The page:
Rewarding your dog with food and treats doesn’t always work. Besides petting and praise, the goal of every car ride is a learning process for your dog: You go to his favourite field together? You explore a new area of the forest? Your dog will have positive memories of this.

5. Try different transportation options

Maybe your dog only vomits when he sits in the passenger seat? A simple trick is to see if your dog might feel more comfortable in the trunk, the back seat or in an appropriate dog box.

6. Don’t immediately go full speed on long distances

Patience also includes the realisation that travelling by car is learned in many small steps: First of all, your dog should jump into a stationary car or get to know his box extensively. Later, drive a few metres with him. Then it’s time for the first proper drive. A long trip to the south should not be the first car journey in your dog’s life.

7. Getting used to the transport box

If you decide on a transport box for your dog, then do a dry run first before you put it into the car. Tempt your dog with food or a toy and only close the door when your dog is totally relaxed inside. If he’s particularly anxious, then train only with the lower part of the transport box initially.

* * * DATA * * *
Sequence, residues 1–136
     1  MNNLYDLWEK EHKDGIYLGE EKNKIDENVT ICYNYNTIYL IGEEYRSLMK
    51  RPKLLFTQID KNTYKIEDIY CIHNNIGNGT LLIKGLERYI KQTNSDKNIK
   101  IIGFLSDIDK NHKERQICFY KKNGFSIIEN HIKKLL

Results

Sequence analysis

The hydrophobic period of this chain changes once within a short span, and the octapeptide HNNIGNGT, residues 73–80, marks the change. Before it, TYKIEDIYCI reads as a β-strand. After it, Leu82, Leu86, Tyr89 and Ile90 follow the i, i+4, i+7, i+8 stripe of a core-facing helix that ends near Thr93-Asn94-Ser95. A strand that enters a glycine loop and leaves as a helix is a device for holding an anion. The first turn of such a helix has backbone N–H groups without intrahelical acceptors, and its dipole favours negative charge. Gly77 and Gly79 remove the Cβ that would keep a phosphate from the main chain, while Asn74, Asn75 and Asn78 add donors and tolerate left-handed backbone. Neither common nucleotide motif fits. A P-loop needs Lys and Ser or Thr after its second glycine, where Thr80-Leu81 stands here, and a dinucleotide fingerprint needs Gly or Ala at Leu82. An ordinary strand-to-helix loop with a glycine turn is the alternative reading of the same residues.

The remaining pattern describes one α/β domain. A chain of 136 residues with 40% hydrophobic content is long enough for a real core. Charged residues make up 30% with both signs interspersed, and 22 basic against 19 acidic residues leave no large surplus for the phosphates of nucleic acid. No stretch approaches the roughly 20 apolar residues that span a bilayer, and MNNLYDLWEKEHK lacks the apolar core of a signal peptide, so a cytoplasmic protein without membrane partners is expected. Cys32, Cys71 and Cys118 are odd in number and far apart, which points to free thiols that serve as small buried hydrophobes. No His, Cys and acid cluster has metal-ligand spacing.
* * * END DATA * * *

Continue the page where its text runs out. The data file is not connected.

Buckle up for the best insurance cover

Another good reason to strap your dog in: No personal liability insurance will pay if there’s an accident and your dog wasn’t strapped in. For all other unforeseen events on your travels, there’s Dog Liability Insurance: A chewed MP3 player in the footwell of your car or an injured toddler in the carpark who wanted to pet your frightened dog? With the right insurance package, you’re prepared for anything. Now take a look at how Coya will support you financially if your car trip goes differently than you’d planned.